Question of Bar in City Hall Put up to Commission

Bar in City Hall - AI Stock Photo

Camden Courier-Post – August 12, 1936

Veterans Offered Twelfth Floor, Want to Take Liquor Along

BLEAKLY OPPOSES MOVE

To drink or not to drink (over a bar) in City Hall — that is the question.

Whether there is a difference between dispensing beer in the municipality’s official home and other city-owned property is a problem to be settled by the city commissioners, possibly with the help of D. Frederick Burnett, commissioner of alcoholic beverage control.

S. Raymond Dobbs, of Commissioner Frank J. Hartmann’s office, thinks there can be no legal objection by the city to the presence of a bar in the statuesque, 18-story building. Commissioner Hartmann is on vacation.

E. G. C. Bleakly, city solicitor, while not certain of the legal points involved says that the very idea of dispensing the foamy brew in City Hall is “ridiculous, a very bad thing and would tend to lower the morale of the city.”

May Become Oasis

If Dobbs carries his point, the twelfth floor of the municipal building may become even more popular than the health department, where marriage licenses are issued. It may become, in fact, an oasis, a place where city editors, for example, will call first when seeking reporters assigned to city hall.

The controversy arose over an offer made to the city by a large company which operates a chain of parking lots, to lease city property at Broadway and Benson street.

The property has two buildings on it now, and they are occupied by Camden Post No. 980, Veterans of Foreign Wars, and August F. Walter Chapter No. 4, Disabled American Veterans of the World War.

Fifteen years ago the city fathers spent $50,500 to provide quarters for these two organizations, either in accordance with, or beyond an act by the State Legislature. That’s another controversial point — whether municipalities must provide their veterans with meeting places or club houses. But more of that later.

Now in Poor Condition

Today the two buildings, at 308 and 310 Broadway are, according to Dobbs, in poor physical condition. Dobbs is in charge of city property.

“It would cost at least $2000 to put them in good shape now,” he says. “There is no appropriation in the budget for that purpose. And if we wait until next year, it probably will cost twice that much for repairs.

“We have an offer from a company which proposes to demolish the present properties, level off the ground at its own expense and pay the city $1800 per year rental for a term of 10 years.

“However, the applicant is willing to have the lease provide that the city may terminate it any time after two years, by giving 90 days’ written notice.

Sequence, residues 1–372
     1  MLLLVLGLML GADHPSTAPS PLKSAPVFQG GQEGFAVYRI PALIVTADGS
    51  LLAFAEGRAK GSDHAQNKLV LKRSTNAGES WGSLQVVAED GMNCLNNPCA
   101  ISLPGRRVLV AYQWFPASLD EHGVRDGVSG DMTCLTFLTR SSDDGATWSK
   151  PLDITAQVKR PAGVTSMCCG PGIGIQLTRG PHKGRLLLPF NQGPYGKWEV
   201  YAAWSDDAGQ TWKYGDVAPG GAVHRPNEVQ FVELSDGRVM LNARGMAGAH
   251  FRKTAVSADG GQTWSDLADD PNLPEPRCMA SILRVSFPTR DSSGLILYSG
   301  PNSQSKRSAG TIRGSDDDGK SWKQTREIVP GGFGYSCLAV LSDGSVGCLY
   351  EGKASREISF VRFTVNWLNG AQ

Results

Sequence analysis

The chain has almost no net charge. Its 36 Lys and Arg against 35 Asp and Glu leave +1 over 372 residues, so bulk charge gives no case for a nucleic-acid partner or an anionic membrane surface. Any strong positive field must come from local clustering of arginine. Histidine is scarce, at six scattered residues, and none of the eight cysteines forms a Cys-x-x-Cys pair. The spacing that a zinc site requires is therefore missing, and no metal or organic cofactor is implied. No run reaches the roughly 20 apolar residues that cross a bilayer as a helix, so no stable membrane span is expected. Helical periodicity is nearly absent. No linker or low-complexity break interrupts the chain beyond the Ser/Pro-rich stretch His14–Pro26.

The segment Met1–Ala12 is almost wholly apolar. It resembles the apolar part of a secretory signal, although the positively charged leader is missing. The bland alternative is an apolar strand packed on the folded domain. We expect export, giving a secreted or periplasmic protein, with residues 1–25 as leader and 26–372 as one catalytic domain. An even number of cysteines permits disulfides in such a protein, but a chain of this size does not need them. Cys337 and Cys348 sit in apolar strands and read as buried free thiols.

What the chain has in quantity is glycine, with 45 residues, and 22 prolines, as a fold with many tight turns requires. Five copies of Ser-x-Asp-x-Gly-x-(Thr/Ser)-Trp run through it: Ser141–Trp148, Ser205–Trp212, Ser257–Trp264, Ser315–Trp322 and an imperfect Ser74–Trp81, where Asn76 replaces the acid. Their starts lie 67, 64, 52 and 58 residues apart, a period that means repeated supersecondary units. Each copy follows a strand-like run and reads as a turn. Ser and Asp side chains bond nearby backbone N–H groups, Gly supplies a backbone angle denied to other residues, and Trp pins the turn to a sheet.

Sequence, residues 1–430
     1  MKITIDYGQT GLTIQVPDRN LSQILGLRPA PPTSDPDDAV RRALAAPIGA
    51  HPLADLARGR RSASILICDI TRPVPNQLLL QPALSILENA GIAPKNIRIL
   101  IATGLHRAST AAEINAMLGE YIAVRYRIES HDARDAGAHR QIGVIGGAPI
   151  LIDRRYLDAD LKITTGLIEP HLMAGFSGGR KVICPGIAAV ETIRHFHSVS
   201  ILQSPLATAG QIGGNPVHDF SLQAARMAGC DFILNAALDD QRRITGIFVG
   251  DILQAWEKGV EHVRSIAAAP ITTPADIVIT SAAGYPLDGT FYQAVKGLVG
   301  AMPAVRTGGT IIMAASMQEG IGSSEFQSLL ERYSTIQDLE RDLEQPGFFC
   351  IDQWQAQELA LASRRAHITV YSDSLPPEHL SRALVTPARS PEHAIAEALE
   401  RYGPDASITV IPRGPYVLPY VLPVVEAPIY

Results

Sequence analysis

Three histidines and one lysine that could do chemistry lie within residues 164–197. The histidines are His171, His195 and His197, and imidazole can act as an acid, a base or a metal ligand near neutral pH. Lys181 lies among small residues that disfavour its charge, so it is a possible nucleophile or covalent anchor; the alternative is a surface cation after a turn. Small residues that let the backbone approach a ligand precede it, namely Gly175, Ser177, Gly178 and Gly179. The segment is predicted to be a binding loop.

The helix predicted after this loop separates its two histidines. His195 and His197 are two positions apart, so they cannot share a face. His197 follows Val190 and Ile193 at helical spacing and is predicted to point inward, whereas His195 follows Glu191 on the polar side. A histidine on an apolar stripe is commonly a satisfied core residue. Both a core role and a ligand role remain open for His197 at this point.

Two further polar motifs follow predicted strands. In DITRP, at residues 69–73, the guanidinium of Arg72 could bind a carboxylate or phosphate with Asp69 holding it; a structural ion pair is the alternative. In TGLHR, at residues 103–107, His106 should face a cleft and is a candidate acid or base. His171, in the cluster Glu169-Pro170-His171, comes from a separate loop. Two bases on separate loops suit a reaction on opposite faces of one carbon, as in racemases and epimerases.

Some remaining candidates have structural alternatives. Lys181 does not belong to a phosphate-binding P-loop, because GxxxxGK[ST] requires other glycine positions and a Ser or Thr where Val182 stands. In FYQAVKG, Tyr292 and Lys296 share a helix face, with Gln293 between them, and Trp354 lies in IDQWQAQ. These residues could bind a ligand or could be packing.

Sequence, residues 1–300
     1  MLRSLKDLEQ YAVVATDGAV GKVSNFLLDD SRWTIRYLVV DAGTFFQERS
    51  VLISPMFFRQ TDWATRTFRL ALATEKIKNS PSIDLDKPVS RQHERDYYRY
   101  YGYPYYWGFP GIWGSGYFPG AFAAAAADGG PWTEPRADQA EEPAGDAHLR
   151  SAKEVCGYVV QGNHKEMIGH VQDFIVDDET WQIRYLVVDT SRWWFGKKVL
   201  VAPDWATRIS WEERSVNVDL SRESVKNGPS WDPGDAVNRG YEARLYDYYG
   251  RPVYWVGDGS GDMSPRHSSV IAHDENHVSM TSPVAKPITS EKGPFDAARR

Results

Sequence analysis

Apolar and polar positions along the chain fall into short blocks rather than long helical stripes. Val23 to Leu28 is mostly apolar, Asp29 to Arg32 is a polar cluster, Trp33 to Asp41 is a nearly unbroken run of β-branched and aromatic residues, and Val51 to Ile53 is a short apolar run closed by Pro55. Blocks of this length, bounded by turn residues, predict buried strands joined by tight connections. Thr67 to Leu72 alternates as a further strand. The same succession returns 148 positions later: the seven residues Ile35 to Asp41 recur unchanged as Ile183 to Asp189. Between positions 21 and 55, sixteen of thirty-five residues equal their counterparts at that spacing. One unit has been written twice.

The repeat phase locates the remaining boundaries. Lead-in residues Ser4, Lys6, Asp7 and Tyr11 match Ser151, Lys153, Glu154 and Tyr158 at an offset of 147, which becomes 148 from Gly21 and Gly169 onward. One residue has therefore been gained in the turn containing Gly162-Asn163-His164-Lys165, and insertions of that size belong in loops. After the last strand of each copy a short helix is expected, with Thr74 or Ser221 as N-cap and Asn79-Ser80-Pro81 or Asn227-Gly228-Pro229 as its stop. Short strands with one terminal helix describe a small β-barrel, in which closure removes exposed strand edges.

“The rental is about $700 more per year than the unimproved land would produce in taxes on the basis of other Broadway assessments in the vicinity.

“Of course this property will probably become to valuable, within a few years, to be continuously used as a parking place, but it is Commissioner Hartmann’s thought that during the two years it would be so used under the terms of the lease, a purchaser might be found who would erect a substantial building upon the lot.

Merchants Favor Plan

Dobbs explained these facts to the Retail Merchants Division of the Chamber of Commerce and asked for an opinion from that body. J. Price Myers, chairman of the division, replied that the merchants voted unanimously to approve the proposal, provided the city should retain the privilege of cancelling the lease at the expiration of two years and also provided satisfactory headquarters are provided for the veterans organizations now occupying the buildings.

Dobbs thereupon contacted the veterans and offered them the use of the eleventh and twelfth floors of City Hall.

“They seem to want to stay on Broadway, or close to it, which would seem to eliminate 805 Linden,” Dobbs explained today.

“The Disabled Veterans, who are occupying 310 Broadway, are willing to move to city hall, but the Veterans of Foreign Wars, who have a bar on the second floor at 308, are wondering what will become of their bar if they move into the building.

“Solicitor Bleakly has ruled that no laws exist forbidding beer on city property. There has been a general impression to the contrary, and since the point was cleared up, Convention Hall has been rented twice in the last month to organizations which dispensed beer there.

Revenue Has Been Lost

“The city has lost considerable revenue because of the mistaken belief that permits to sell beer could not be obtained for city property.”

But Bleakly contends there is a difference between beer flowing on city property leased out, and the city’s own municipal building.

“I certainly don’t think beer should be served in city hall, and I don’t think it ever will be,” Bleakly said. “While this is only a personal opinion, I would be opposed to the presence of a bar in the building. But it is a question for the commissioners to decide.”

The two properties were purchased by the city in 1921, while Charles H. Ellis was mayor, before commission form of government. The veterans had been meeting in city hall, but it was suggested the building was too crowded. There was no bar then.

The residence of the late George Holl, at 310 Broadway, was sold by his heirs to a corporation known as the Reliance Realty Company, which sold it to the city for $36,000. The building next door, at 308 Broadway was sold by Israel Weitzman and Louis Tartar to the city for $14,500.

Serial bonds bearing 4½ percent interest were issued against the total amount of the purchases, and bought by the city’s sinking fund as an investment. Some have matured; $30,500 worth still are outstanding.


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